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Fight Alone or Together? The Need to Belong

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  • Changxia Ke

Abstract

This study compares contests with exogenous alliance formation under proportional sharing rules with contests among individual players in a laboratory setting. The standard equilibrium predictions are identical for all players because the proportional rule ensures the same payoff incentives for alliance and for single players (or players in individual contests). Alliance formation not only reduces the effort of alliance players but also discourages stand-alone players (especially women) from exerting substantial effort. Because over-dissipation is a wide-spread phenomenon in contest experiments, both alliance and stand-alone players benefit from alliance formation due to reduced over-dissipation. Behavioral factors such as the need to belong and the joy of winning can help reconcile the "paradox of alliance formation".

Suggested Citation

  • Changxia Ke, 2011. "Fight Alone or Together? The Need to Belong," Working Papers fight_alone_or_together, Max Planck Institute for Tax Law and Public Finance.
  • Handle: RePEc:mpi:wpaper:fight_alone_or_together
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    References listed on IDEAS

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    Citations

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    Cited by:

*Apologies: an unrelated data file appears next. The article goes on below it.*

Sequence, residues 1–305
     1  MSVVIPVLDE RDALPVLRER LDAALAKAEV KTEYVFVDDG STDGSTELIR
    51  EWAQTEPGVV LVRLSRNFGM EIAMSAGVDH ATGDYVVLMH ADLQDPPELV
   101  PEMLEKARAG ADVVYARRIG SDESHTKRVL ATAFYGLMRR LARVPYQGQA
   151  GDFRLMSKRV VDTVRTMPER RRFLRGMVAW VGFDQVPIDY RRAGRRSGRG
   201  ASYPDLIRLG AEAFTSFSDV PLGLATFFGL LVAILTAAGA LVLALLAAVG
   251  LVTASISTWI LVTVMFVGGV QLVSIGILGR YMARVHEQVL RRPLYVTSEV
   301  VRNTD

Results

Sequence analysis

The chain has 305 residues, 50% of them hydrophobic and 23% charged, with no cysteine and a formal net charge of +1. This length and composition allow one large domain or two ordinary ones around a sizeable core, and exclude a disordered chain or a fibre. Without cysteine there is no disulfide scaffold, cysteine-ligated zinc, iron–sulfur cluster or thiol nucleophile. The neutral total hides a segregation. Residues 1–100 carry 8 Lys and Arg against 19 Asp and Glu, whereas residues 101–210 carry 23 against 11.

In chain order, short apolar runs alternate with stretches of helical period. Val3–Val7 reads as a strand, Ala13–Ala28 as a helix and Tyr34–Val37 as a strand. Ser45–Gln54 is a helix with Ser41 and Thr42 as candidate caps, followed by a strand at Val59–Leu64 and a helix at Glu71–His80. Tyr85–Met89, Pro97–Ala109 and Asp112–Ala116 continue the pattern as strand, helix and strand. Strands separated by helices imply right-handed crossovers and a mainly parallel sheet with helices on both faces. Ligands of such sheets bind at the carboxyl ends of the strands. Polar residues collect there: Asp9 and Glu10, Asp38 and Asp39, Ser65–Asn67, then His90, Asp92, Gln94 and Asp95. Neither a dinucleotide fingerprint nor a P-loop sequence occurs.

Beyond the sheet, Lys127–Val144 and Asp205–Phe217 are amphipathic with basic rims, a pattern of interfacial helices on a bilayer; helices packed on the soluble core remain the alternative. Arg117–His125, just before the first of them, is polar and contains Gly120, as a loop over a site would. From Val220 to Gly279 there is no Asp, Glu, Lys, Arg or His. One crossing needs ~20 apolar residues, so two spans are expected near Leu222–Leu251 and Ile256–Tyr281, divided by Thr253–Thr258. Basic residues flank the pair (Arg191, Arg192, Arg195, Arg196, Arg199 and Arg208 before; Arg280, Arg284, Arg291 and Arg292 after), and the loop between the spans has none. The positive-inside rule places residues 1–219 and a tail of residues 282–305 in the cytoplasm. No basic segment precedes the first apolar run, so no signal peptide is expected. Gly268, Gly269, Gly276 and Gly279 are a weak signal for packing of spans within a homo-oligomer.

1. Emmanuel Dechenaux & Dan Kovenock & Roman Sheremeta, 2015. "A survey of experimental research on contests, all-pay auctions and tournaments," Experimental Economics, Springer;Economic Science Association, vol. 18(4), pages 609-669, December.
    2. Sheremeta, Roman, 2015. "Behavior in Group Contests: A Review of Experimental Research," MPRA Paper 67515, University Library of Munich, Germany.

    More about this item

    Keywords

    Alliance Formation; Contest and Conflict; Experiment;

    JEL classification:

    • D72 - Microeconomics - - Analysis of Collective Decision-Making - - - Political Processes: Rent-seeking, Lobbying, Elections, Legislatures, and Voting Behavior
    • D74 - Microeconomics - - Analysis of Collective Decision-Making - - - Conflict; Conflict Resolution; Alliances; Revolutions
    • C91 - Mathematical and Quantitative Methods - - Design of Experiments - - - Laboratory, Individual Behavior

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